RayData’s Beijing office takes over the 19th floor of Poly International Plaza, a 31-storey skyscraper completed by Skidmore Owings & Merril in 2017.
The building’s cylindrical form and latticed shell ended up becoming a key point of reference for Precht, which was brought on board to develop the office’s interior design scheme.
The 980-square-metre office follows the building’s looping plan but has been split into two halves – the north-facing side contains work areas for employees, while the south-facing side is dedicated to communal areas like the reception and company showroom.
An almost-black corridor leads through to the work areas which, in contrast, largely feature white surfaces to create a bright and relaxed environment for staff.
Triangular desks have been arranged in a zigzag pattern across the room, to subtly mimick the latticework on the building’s facade.
Spotlights on the office’s ceiling, bench-style sofas and door handles are also triangular in shape, in a nod to RayData’s logo.
Each desk is partially lined with slate-coloured fabric from Danish brand Kvadrat. The studio hopes that, along with the grey carpeting, this will help manage acoustics in the office and bring a comforting sense of tactility.
“With all the advancing technology in the space, we were looking at how to bring a human touch and haptic materials to the design,” explained Fei Precht, who leads the studio alongside her husband Chris Precht.
“I don’t believe that the future of offices will look like your WeWork living room nor like your sci-fi white-plastic fluid space,” she continued.
“For this project, I think the movie Her was a source of inspiration, which connects technology with a very warm and tactile atmosphere.”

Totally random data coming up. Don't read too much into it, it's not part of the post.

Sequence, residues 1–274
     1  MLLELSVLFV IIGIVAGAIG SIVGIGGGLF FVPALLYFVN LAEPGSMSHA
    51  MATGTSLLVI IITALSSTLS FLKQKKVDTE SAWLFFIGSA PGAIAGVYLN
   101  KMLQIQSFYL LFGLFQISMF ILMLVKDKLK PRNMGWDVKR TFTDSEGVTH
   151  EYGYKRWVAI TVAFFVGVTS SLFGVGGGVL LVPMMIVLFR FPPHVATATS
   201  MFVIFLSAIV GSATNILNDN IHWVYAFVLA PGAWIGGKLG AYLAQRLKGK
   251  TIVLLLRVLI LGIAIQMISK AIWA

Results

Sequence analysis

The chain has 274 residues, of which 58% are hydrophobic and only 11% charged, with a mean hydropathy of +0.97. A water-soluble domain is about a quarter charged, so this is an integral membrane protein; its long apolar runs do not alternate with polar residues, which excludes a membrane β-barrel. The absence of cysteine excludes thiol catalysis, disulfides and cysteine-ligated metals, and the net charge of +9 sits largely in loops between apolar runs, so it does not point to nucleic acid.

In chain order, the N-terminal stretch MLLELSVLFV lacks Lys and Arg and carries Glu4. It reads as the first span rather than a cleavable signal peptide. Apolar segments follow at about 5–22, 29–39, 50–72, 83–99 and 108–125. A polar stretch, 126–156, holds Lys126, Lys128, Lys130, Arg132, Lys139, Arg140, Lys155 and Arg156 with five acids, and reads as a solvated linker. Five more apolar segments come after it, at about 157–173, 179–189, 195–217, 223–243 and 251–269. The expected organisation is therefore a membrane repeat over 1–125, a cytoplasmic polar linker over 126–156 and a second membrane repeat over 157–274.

“I think we need this balance of technology and facility,” added Chris Precht. “The tasks of tech companies is to ask ‘how can we know more’ and transform this knowledge into information or products.”
“The tasks of architects, on the other hand, is to ask ‘how we can feel more’. Yes, information and knowledge are important for the future – but so is consciousness and the connection to our senses. I think that’s an interesting balance.”
Staff are separated by large panes of glass engraved with geographical maps of different cities, however should they want more privacy they can head to one of the textile-covered booths that have been created in the corners of the room.
White pod chairs have additionally been dotted throughout.
The southern side of the office is accessed by a bright-white walkway, but the studio has completed rooms here in a darker palette to dramatise the appearance of the presentation screens and interactive models on-site.
LED strip lighting has also been installed to channel the “unique atmosphere of the AI-era office”.
Although the office is meant to largely feel open-plan, some spaces are divided by pivoting floor-to-ceiling screens upholstered in the same Kvadrat fabric that appears on the desks.
At the core of the plan lies a further fleet of meeting rooms where staff can chat one-on-one or work in small groups.
Recent projects by the studio include Parc de la Distance, a conceptual, maze-like park divided by towering hedges that would allow people to safely spend time outdoors while social distancing.
At the beginning of this year, the studio also collaborated with Mamou-Mani Architects to create an intricate installation that was 3D printed with sand.
Photography is by CreatARimages.
Project team: Fei Tang Precht, Chun Chen, Zizhi Yu, Chengcheng Liu, Yanyan Gu, Mei Li, Chris Precht
Structural consultant: Haifeng Li
Lighting consultant: Yuebo Min
Construction team: Beijing Million Partner Construction Company
Carpet design in booths: Florian Pucher, Bo Liu
Furniture suppliers: Hay, Matsu, Human Scale
Fabric supplier: Kvadrat
Carpet supplier: Bolon
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